Facilitating the Spread of Knowledge and Innovation in Professional Software Development

Write for InfoQ


Choose your language

InfoQ Homepage News Google Propeller Squeezes Extra Performance from Large-Scale LLVM Binaries

Google Propeller Squeezes Extra Performance from Large-Scale LLVM Binaries

This item in japanese


Google Propeller is able to improve the performance of LLVM binaries by relinking and optimizing them based on a profile of their behaviour at runtime. Propeller can bring 2-9% improvements on key performance benchmarks for binaries that were previously highly optimized by LLVM, say Google engineers.

Propeller's aim is to create a new binary from the one you profiled after applying a number of transformations to its layout. In short, what you do to take advantage of Propeller is run your program, and compile using a specific flag to gather metrics about its behaviour and performance at runtime. Then, you feed that data into Propeller to have it transform your binary layout to extract the maximum performance out of it. This is what is called profile-guided optimization, which is not to be confused with dynamic optimization, such as that provided by Dynamo and other similar tools, which optimize a system at runtime.

Initially announced on the LLVM-dev mailing list in September 2019, Propeller is inspired by Facebook BOLT, another recent LLVM-based profile-based relinker, but uses a different approach that lends itself to be used with distributed build systems and scales better with the binary size.

In particular, Google engineers found that while BOLT grants significant runtime performance gains, its monolithic, single-step architecture leads to required memory and time exploding for binaries with a ~300MB segment size. Now, while 300MB binaries are admittedly large and not that many developers could need to optimize such large systems, Propeller seems to provide a couple of additional benefits over BOLT. Specifically, Propeller is designed around a two-step optimization process, where the first step can be distributed across parallel workers. In contrast to this, BOLT is implemented as a single process that directly works on the input binary in one go.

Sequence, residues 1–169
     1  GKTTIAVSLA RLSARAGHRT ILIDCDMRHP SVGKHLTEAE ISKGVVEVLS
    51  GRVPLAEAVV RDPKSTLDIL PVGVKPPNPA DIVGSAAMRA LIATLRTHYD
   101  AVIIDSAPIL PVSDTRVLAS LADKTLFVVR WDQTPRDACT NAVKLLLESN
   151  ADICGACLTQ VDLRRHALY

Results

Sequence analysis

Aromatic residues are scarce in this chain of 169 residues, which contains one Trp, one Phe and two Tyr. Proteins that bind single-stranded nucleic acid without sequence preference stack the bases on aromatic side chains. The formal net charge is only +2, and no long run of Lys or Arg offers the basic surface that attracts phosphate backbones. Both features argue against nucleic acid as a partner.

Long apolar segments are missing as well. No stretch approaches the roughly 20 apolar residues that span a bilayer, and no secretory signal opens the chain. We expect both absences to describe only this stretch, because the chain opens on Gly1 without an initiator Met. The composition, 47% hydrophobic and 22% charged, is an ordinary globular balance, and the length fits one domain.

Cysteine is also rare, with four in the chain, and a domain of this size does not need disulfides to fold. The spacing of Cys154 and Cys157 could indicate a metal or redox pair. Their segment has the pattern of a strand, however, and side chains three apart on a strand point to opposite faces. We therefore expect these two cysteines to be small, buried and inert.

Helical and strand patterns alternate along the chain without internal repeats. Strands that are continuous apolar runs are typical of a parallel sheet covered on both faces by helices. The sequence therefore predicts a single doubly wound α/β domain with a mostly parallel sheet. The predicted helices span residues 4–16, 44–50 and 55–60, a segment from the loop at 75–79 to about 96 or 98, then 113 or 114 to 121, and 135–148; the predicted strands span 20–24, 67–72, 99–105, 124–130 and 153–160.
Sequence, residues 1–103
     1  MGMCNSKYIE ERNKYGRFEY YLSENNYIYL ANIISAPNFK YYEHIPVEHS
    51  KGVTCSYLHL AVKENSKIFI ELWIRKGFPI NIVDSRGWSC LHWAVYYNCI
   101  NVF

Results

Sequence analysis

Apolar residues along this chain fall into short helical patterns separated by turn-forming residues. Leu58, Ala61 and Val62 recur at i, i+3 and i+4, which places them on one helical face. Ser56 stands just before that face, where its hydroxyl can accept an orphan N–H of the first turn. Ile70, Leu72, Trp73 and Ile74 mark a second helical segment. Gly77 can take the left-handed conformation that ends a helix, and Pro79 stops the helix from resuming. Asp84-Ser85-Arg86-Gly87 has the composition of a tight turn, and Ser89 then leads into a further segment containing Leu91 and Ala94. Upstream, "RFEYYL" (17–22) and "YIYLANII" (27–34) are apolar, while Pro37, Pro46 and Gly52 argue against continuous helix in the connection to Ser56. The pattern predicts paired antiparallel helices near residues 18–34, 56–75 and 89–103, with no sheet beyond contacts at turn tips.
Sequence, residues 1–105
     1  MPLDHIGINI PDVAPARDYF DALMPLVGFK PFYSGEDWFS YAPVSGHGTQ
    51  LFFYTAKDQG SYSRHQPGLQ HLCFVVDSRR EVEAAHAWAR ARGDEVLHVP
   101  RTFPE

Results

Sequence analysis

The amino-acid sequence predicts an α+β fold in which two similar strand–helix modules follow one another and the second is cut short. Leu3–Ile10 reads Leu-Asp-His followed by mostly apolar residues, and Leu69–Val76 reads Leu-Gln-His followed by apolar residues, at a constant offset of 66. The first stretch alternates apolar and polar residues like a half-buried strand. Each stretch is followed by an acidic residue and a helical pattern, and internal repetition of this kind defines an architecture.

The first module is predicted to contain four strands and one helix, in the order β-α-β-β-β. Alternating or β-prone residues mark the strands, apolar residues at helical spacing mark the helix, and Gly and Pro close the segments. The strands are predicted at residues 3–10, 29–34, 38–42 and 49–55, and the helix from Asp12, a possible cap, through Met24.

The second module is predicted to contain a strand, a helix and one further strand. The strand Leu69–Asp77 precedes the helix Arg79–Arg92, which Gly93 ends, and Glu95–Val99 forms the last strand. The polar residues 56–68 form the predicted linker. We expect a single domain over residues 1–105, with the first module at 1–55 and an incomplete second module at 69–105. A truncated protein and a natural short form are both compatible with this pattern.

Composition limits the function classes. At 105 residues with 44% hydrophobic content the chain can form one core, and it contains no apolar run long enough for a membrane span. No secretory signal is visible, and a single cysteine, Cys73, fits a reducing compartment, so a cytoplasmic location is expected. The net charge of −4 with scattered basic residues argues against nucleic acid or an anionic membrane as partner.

Additionally, Propeller should be much better than BOLT with incremental builds. This is possible because when small source changes do not modify the profile information significantly, Propeller may do a better job at identifying those parts of the binary that needs to be re-processed.

To put things in perspective, LLVM is already able to do both link-time optimization (LTO) and profile-guided optimization (PGO), alongside other major compilers. What tools like BOLT or Propeller do to further improve over LLVM optimizations is a more aggressive use of profiled data, favouring the use of exact profile data over approximations.

If you are interested in the details of how Propeller works, Google has made available an RFC thoroughly documenting how Propeller works (PDF) and how it can be used starting with pulling its source code from GitHub and compiling it.

EDITORIAL NOTE: In a first version of this article, we incorrectly overstated BOLT's inhability to cope with code changes due to the fact that even minor changes to the profile would invalidate it altogether and require the whole optimization process to start over. Although this statement was based on information from Google's Propeller RFC at the time of this writing, it was inaccurate. BOLT is indeed able to deal with code changes to some extent and the original sentence was therefore removed. Thanks to Google engineer Sriraman Tallam for this clarification.

Rate this Article